The inherent worth of all human beings<p>Human dignity is the inherent worth of each individual human being. Recognizing human dignity means respecting human beings' special value—value that sets us apart from other animals; value that is intrinsic and cannot be lost.</p> <p>Liberalism—the broad political philosophy that organizes society around liberty, justice, and equality—is rooted in the idea of human dignity. Liberalism assumes each of our lives, plans, and preferences have some unimpeachable value, not because of any objective evaluation or contribution to a greater good, but simply because they belong to a human being. We are human, and therefore deserving of a baseline level of respect. </p> <p>Because so many of us take human dignity for granted—just a fact of our humanness—it's usually only when someone's dignity is ignored or violated that we feel compelled to talk about it. </p> <p>But human dignity means more than the absence of violence, discrimination, and authoritarianism. It means giving individuals the freedom to pursue their own happiness and purpose—a freedom that can be hampered by restrictive social institutions or the tyranny of the majority. The liberal ideal of the good society is not just peaceful but also pluralistic: It is a society in which we respect others' right to think and live differently than we do.</p>
From the 19th century to today<p>With <a href="https://books.google.com/ngrams/graph?year_start=1800&year_end=2019&content=human+dignity&corpus=26&smoothing=3&direct_url=t1%3B%2Chuman%20dignity%3B%2Cc0" target="_blank" rel="noopener noreferrer">Google Books Ngram Viewer</a>, we can chart mentions of human dignity from 1800-2019.</p><img type="lazy-image" data-runner-src="https://assets.rebelmouse.io/eyJhbGciOiJIUzI1NiIsInR5cCI6IkpXVCJ9.eyJpbWFnZSI6Imh0dHBzOi8vYXNzZXRzLnJibC5tcy8yNDg0ODU0My9vcmlnaW4ucG5nIiwiZXhwaXJlc19hdCI6MTY1MTUwMzE4MX0.bu0D_0uQuyNLyJjfRESNhu7twkJ5nxu8pQtfa1w3hZs/img.png?width=980" id="7ef38" class="rm-shortcode" data-rm-shortcode-id="9974c7bef3812fcb36858f325889e3c6" data-rm-shortcode-name="rebelmouse-image" />
American novelist, writer, playwright, poet, essayist and civil rights activist James Baldwin at his home in Saint-Paul-de-Vence, southern France, on November 6, 1979.
Credit: Ralph Gatti/AFP via Getty Images
The future of dignity<p>Around the world, people are still working toward the full and equal recognition of human dignity. Every year, new speeches and writings help us understand what dignity is—not only what it looks like when dignity is violated but also what it looks like when dignity is honored. In his posthumous essay, Congressman Lewis wrote, "When historians pick up their pens to write the story of the 21st century, let them say that it was your generation who laid down the heavy burdens of hate at last and that peace finally triumphed over violence, aggression and war."</p> <p>The more we talk about human dignity, the better we understand it. And the sooner we can make progress toward a shared vision of peace, freedom, and mutual respect for all. </p>
Scientists find that bursts of gamma rays may exceed the speed of light and cause time-reversibility.
- Astrophysicists propose that gamma-ray bursts may exceed the speed of light.
- The superluminal jets may also be responsible for time-reversibility.
- The finding doesn't go against Einstein's theory because this effect happens in the jet medium not a vacuum.
Jet bursting out of a blazar. Black-hole-powered galaxies called blazars are the most common sources detected by NASA's Fermi Gamma-ray Space Telescope.
Cosmic death beams: Understanding gamma ray bursts<div class="rm-shortcode" data-media_id="cu2knVEk" data-player_id="FvQKszTI" data-rm-shortcode-id="c6cfd20fdf31c82cb206ade8ce21ba3f"> <div id="botr_cu2knVEk_FvQKszTI_div" class="jwplayer-media" data-jwplayer-video-src="https://content.jwplatform.com/players/cu2knVEk-FvQKszTI.js"> <img src="https://cdn.jwplayer.com/thumbs/cu2knVEk-1920.jpg" class="jwplayer-media-preview" /> </div> <script src="https://content.jwplatform.com/players/cu2knVEk-FvQKszTI.js"></script> </div>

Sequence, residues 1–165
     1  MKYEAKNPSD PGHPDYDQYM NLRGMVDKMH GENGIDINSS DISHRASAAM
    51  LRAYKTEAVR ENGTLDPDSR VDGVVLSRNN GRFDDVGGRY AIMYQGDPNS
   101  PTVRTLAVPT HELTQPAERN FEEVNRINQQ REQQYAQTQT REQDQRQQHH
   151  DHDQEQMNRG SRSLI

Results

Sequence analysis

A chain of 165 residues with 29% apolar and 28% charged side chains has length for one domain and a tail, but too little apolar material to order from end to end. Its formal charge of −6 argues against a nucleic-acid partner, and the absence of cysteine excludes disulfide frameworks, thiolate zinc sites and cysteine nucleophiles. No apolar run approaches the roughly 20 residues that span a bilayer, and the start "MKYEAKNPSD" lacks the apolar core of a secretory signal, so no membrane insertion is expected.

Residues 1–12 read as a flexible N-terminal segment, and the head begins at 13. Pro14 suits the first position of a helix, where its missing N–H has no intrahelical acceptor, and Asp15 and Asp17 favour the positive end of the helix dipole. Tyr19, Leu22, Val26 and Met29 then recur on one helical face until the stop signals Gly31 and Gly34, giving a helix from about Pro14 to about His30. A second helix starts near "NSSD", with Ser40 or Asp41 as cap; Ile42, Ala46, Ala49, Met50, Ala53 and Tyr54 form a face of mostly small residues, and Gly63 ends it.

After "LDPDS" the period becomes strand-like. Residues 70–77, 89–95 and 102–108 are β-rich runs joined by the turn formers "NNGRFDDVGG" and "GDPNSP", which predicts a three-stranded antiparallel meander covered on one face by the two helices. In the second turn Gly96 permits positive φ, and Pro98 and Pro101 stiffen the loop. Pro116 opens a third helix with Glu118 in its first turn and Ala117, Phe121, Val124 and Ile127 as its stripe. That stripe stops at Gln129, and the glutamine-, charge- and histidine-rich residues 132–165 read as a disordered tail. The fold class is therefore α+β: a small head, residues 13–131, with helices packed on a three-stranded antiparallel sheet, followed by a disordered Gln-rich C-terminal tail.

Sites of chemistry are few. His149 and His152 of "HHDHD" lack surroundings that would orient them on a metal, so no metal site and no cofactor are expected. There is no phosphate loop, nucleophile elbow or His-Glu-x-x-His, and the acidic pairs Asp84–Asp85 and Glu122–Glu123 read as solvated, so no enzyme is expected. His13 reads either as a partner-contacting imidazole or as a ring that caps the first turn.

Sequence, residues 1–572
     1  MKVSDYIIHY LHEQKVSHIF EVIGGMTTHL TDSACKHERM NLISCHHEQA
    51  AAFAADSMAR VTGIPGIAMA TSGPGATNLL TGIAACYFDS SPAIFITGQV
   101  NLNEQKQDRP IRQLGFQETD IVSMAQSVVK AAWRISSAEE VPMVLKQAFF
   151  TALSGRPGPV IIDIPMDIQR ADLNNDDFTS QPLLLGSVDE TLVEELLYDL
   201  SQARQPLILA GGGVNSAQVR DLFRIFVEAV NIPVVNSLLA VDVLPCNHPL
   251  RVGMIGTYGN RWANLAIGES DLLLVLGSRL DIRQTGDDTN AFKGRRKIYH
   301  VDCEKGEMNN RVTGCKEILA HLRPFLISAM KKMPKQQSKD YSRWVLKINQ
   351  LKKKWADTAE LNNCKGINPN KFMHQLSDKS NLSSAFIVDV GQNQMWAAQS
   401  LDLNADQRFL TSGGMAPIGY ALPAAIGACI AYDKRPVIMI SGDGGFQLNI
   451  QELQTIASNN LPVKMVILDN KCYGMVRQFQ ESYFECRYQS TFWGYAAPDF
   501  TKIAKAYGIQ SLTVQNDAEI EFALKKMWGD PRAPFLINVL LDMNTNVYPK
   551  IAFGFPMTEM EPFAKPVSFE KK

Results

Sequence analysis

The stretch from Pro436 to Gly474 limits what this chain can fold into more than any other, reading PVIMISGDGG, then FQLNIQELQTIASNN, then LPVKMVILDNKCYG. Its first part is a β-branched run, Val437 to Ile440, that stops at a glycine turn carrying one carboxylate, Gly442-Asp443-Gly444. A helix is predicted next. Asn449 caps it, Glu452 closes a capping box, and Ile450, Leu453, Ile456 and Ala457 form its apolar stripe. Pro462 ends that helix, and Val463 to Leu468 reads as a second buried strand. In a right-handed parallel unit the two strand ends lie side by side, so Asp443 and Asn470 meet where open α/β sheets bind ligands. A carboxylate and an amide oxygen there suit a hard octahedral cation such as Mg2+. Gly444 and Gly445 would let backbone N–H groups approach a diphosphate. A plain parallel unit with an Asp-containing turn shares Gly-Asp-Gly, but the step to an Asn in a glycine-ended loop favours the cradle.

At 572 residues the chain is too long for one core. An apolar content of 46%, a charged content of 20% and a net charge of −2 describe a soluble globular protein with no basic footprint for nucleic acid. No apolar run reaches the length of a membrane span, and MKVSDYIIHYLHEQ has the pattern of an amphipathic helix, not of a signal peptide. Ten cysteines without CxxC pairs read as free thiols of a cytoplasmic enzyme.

Philosophers have been asking the question for hundreds of years. Now neuroscientists are joining the quest to find out.
- The debate over whether or not humans have free will is centuries old and ongoing. While studies have confirmed that our brains perform many tasks without conscious effort, there remains the question of how much we control and when it matters.
- According to Dr. Uri Maoz, it comes down to what your definition of free will is and to learning more about how we make decisions versus when it is ok for our brain to subconsciously control our actions and movements.
- "If we understand the interplay between conscious and unconscious," says Maoz, "it might help us realize what we can control and what we can't."
Puerto Rico's iconic telescope facilitated important scientific discoveries while inspiring young scientists and the public imagination.
- The Arecibo Observatory's main telescope collapsed on Tuesday morning.
- Although officials had been planning to demolish the telescope, the accident marked an unceremonious end to a beloved astronomical tool.
- The Arecibo radio telescope has facilitated many discoveries in astronomy, including the mapping of near-Earth asteroids and the detection of exoplanets.
Bradley Rivera via twitter.com<p>In 1963, the concave dish was built into a natural sinkhole on the northern coast of Puerto Rico. The location was <a href="https://www.space.com/20984-arecibo-observatory.html" target="_blank">picked because it was near the equator,</a> providing scientists a clear view of planets passing overhead, and also of the ionosphere, which is the uniquely reactive layer of Earth's upper atmosphere where the northern lights form.</p><p>Since its construction, scientists have used the Arecibo telescope to map near-Earth asteroids, detect gravitational waves, study pulsars, detect exoplanets and <a href="https://www.seti.org/goodbye-arecibo" target="_blank">search for alien civilizations</a>, among other projects. Here's a brief look at some of the discoveries and accomplishments made using the Arecibo telescope:</p><ul><li>1964: Astronomer <a href="https://en.wikipedia.org/wiki/Gordon_Pettengill" target="_blank" rel="noopener noreferrer">Gordon Pettengill</a> discovers that Mercury's rotation period is 59 days, significantly shorter than the previous prediction of 88 days.</li><li>1974: Physicists Russell Alan Hulse and Joseph Hooton Taylor Jr. discovers the first binary pulsar, for which they won a Nobel Prize in Physics.</li><li>1974: Scientists use the telescope to transmit the "Arecibo message" to <a href="https://en.wikipedia.org/wiki/Great_Globular_Cluster_in_Hercules" target="_blank" rel="noopener noreferrer">globular star cluster M13</a>. The message, when translated into image form, contains basic information about humanity and human knowledge: the numbers one to 10, a map of our solar system, an illustration of a human being, and the atomic numbers of certain elements.</li><li>1989: Scientists use the telescope to image an asteroid for the first time.</li><li>1992: Astronomers Alex Wolszczan and Dale Frail become the first to discover exoplanets.</li></ul>
The Google-owned company developed a system that can reliably predict the 3D shapes of proteins.